“Sometimes,” Patrolman Hatch said. “Sometimes not.”
“Wasn’t that the place that caught fire and was declared haunted by the press?” Officer Brigham Hill said. He set two bowls of vegetables on the table.
Mallory raised his eyebrows. “Haunted? I’m not so sure about that?”
“This whole thing’ sounds too creepy for me,” Sippi said. “I remember as a girl my Aunt Bea taking me to séances. They were all very real, and I felt ghostly presences.” She picked me up and hugged me protectively. “You find this frightening too, don’t you Sweetheart?”
I squirmed. I wasn’t sure exactly what she was talking about but I could sense her nervousness and that’s not a good thing because when Sippi gets nervous that’s usually when she puts me on my leash. Sippi calls it keeping me safe. I think of it as protective custody. I love Sippi but she doesn’t always realize I’m a cop and not some lap dog to be coddled.
“After lunch we ought to drive over and take a look,” Raven said. He handed Sippi a beer.
She took a sip, then another, wrinkled her nose and put it down. “Like I said, Raven don’t ever come between me and my Euro Dark again.”
He sighed and nodded. “I guess I owe you one.”
“Yes, might be good to drive over and take a look, “ Mallory said. “And bring Sherlock along. See what he can sniff out.”
I waged my tail. Whenever he called me Sherlock I know the game is afoot.
Stephen Halpert

Magee and the Haunted House,

Chapter 2.

It was just starting to get dark when we left Captain Mallory’s dinner party. Raven was driving. Sippi was beside him. I sat on her lap. He gunned the Jag, turned to Sippi and said. “Why wait until morning; let’s check out Twin Forks now.
She petted me and waved her eyes. “And we’ll stop for some Euro Dark on the way back.”
“On a Sunday night?”
“Try,” she grinned. She reached over and touched his shoulder. “If push comes to shove I’ve got some tequila tucked away someplace.”
Raven smiled, reached across the seat and kissed her.
During this romantic interlude I was unceremoniously put in the back seat. Fortunately I was thoroughly enjoying the smell of the Jaguar’s polished leather. But so as we approached Twin Forks a wisp of a strange scent caught my attention and put me into my cop mode.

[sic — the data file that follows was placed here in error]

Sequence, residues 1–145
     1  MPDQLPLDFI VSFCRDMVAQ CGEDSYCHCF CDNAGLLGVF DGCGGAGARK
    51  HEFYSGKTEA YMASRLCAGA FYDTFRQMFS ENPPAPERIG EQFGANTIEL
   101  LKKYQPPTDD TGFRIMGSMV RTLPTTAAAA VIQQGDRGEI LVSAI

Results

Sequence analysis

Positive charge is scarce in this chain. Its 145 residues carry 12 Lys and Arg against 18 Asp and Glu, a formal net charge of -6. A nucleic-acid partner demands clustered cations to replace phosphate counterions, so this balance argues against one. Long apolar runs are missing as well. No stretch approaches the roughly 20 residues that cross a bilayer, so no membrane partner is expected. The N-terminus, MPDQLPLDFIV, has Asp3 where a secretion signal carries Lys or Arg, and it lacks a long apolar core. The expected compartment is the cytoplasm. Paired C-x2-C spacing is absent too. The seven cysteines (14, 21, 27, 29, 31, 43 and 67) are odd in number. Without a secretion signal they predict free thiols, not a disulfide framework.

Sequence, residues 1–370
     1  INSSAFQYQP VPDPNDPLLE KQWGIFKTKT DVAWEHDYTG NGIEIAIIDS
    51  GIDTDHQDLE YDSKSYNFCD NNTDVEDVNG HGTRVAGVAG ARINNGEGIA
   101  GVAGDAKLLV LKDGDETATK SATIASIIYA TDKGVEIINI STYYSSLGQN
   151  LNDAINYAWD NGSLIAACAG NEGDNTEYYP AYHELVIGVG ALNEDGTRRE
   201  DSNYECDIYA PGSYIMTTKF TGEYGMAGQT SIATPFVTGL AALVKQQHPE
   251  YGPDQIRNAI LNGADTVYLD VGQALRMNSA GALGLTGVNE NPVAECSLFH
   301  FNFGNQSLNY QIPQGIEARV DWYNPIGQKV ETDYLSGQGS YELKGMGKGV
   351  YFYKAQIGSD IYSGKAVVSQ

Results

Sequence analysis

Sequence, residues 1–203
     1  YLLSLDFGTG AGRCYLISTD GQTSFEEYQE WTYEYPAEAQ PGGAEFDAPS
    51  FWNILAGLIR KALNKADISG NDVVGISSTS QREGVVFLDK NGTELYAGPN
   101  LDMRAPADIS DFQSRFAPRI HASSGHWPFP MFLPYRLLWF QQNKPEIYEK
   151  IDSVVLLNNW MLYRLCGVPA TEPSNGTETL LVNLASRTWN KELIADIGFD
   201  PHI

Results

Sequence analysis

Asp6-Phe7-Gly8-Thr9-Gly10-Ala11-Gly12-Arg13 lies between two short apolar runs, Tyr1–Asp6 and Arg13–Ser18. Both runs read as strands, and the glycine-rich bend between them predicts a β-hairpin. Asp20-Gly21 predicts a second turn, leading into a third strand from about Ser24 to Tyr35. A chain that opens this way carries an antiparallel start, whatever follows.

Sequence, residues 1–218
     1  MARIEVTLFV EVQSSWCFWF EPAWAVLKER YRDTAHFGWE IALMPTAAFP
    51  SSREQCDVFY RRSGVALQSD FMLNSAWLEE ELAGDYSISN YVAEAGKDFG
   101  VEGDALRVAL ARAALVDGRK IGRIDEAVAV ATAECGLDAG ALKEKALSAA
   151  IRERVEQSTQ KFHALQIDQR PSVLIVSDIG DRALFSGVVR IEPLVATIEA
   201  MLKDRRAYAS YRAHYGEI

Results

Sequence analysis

I cringed against the back seat. Something wasn’t right. I whimpered and tried to warn Sippi. But she took my message the wrong way and reached into her bag tossing me a spicy shrimp ball.
As the scent got stronger I sensed a snarling beast about to spring at us from out of the darkness, All I could think to do was make a low growl.
“I think’ Magee’s frightened about something.” Sippi said.
“It’s cool Magee,” Raven said. Then he chuckled. “You and me Magee bringing it down, whatever it is.’”
I wished for a lap robe or something I could crawl under. But no such luck. I barked softly again trying to warn them.
But Raven laughed. “Come on Magee, lighten up.”
“Here baby,” Sippi tossed me one of my favorite treats, a tuna biscuit. Normally that and the spicy shrimp ball would do the trick and keep me happy. But not tonight. I wasn’t hungry. I reminded myself that I ‘m a cop and need to stay vigilant and not lose this weird scent by drowning it in treats.
There’s always been something scary to me about Twin Forks. I remember being at the graveyard when Inspector Mallory unearthed the empty coffin in the nursing home case. I had seen long black snakes watching us, poised for attack.
“Twin Forks is a ghost town in more ways than one.” Sippi said as she peered from her window. “You’re right McGee. It’s spooky especially at twilight.”
We drove past a gas station and a motel, then down the road past two old brick buildings and some stores. I hoped Raven wouldn’t stop. I didn’t want to have to sniff in the dark. A dog knows that for certain scents once is enough.
Raven consulted his device. We left the town and passed the graveyard. Raven drove down a winding road until we came to a cornfield. To its right he turned up a dirt road that lead to what was left of a burnt out old mansion.
“You’d think whoever collected the insurance would have fixed that place up,” Sippi said.
Raven shook his head no. “Maybe sometimes its best to let sleeping dogs lie.”
I thought I saw shadowy shapes behind some fallen tree branches. I whimpered and caught Sippi’s attention.